About the Apprenticeship
Countryside Workers are the custodians of our rural outdoor scenery. They conserve the environment that makes the English countryside both distinctive and special. They take care of our protected landscapes – National Parks, Areas of Outstanding Natural Beauty (AONB), National Nature Reserves as well as private landed estates, country and to a degree, urban parks. These cover huge amounts of our country, for example, 25% of England is covered by National Parks and AONBs while National Nature Reserves cover an additional 60,000 hectares across 143 separate sites. Wildlife Trusts and Rivers Trusts also employ Countryside Workers in their environmental and conservation work.
Countryside Workers carry out specific environmental and conservation tasks and they will also be clear about how practical conservation work interacts with the productive and recreational use of the countryside, and how these relate to countryside management practices. Countryside Workers will be able and willing to do challenging work outdoors, in a variety of locations, which may be remote, including moorland, heathland, woodland and coast, interact with the public and explain their work as well as undertaking their role all year round in a variety of weathers, both on their own and as part of a team.
The apprentice needs to have the attitude and ability to develop the required skills and knowledge during the apprenticeship. This will usually be tested via an application/interview process.
Apprentices without level 1 English and maths will need to achieve this level and apprentices without level 2 English and maths will need to take the tests for this level prior to taking the end-point assessment.
Employers will ultimately determine the entry requirements.
- Countryside Ranger
This apprenticeship programme will be delivered through a combination of practical hands-on and theory based activities which will be tailored to ensure the apprentice develops the necessary knowledge, skills and behaviours to become a professional Arboriculture worker and effective member of your organisation.
With all apprenticeships there is a requirement to record 20% off-the-job activities and this will be achieved through the use of a dedicated electronic on-line portfolio which the apprentice, you as the employer and the college delivery team will all have access to. The apprentice will be assigned a dedicated Assessor Trainer, who will undertake regular workplace progress reviews with both the apprentice and an assigned member of your team, as well as supporting all aspects of the apprentices ongoing development. This approach enables effective progress monitoring and target setting to be established from day 1, ensuring the employer and apprentice are clear about all aspects of the apprenticeship programme and what part they each play in ensuring the apprentice continues to make the expected levels of progress. Furthermore, this approach ensures any additional support requirements or interventions can be implemented in a timely manner as required.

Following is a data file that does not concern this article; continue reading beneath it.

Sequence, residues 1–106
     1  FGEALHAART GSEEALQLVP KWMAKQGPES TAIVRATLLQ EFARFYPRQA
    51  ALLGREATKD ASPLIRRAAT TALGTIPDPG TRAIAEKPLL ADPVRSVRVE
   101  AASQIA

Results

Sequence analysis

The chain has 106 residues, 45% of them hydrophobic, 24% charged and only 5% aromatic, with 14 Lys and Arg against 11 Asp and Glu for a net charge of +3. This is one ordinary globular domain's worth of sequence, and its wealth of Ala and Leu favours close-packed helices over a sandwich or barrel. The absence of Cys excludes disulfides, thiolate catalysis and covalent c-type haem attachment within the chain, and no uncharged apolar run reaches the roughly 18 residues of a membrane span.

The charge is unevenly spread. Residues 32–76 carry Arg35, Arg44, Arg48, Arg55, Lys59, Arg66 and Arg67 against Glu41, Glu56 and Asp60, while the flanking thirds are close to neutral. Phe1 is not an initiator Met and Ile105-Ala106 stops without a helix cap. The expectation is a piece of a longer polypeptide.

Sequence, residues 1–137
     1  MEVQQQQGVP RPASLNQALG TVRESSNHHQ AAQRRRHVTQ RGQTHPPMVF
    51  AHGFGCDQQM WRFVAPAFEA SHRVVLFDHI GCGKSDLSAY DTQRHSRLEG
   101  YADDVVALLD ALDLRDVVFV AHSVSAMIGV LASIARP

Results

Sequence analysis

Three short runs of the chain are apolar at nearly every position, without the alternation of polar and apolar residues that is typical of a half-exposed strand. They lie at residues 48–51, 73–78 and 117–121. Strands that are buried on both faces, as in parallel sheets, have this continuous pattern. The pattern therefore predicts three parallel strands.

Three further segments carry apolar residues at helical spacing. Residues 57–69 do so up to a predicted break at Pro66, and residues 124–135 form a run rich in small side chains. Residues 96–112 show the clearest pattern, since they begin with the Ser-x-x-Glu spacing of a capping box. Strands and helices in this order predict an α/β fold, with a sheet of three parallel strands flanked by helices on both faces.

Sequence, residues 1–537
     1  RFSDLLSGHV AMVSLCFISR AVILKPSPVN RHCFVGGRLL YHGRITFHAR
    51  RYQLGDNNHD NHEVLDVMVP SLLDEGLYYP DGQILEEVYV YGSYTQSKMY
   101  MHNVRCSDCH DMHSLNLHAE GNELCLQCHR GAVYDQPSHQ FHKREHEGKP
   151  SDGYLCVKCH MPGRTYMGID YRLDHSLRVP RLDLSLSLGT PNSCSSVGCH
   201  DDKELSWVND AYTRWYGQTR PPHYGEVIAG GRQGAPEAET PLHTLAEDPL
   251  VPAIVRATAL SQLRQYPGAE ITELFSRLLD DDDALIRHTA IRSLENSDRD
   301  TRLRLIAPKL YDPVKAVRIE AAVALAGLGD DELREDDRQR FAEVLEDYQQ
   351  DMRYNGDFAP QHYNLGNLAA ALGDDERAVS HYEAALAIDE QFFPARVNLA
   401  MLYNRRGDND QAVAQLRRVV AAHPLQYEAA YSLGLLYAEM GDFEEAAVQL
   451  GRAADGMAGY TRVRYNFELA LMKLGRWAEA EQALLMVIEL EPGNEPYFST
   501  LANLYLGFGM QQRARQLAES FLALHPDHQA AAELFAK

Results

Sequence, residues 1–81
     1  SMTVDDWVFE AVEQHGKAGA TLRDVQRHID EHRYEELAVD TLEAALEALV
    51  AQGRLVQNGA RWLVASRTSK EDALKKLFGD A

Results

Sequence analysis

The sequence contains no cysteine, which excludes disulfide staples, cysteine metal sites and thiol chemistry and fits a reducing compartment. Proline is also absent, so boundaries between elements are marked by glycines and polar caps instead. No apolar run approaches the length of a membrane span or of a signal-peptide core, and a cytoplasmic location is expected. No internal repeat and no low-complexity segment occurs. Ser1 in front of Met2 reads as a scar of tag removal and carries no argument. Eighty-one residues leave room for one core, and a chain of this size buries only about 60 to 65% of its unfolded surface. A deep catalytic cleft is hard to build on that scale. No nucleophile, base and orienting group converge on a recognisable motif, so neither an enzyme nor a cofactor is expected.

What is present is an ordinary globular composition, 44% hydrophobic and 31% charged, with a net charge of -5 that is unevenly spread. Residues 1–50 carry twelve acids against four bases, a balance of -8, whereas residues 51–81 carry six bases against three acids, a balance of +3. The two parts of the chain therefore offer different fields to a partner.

A BCA Virtual Learning Environment ensures all learning, development and support material can be easily accessed, further supporting the blended learning and development approach adopted by BCA for all its apprenticeship delivery. This ensures flexible and responsive training at all times, through a combination of on-line and face-to-face activities delivered by industry experts, using our high quality, industry recognised resources and equipment.
The apprentice will be required to undertake and pass an independent End Point Assessment upon successful completion of their apprenticeship, after which point they will be awarded their Apprenticeship Certificate.
- Manage habitats using a range of specialist techniques.
- Construct or repair boundaries and access ways.
- Manage vegetation in a range of different situations, for example strimming pathways, using pesticides, managing trees and hedgerows, eradicating invasive species in order to conserve native flora and fauna.
- Construct and /or maintain site furniture for access and interpretation.
- Problem solving; be resourceful in finding solutions to problems that may arise in day to day work and know when to ask a supervisor for advice.
- Identify a range of British flora and fauna native to the specific local area e.g. commonly seen birds, mammals, insects, herbs, flowers, trees or fungi to determine the appropriate habitat management needed.
- Undertake surveys which feed into site management plans and work plans,
- Write a simple dynamic risk assessment and be able to use it on site.
- The knowledge aligns to a level 2 qualification in Environmental Conservation.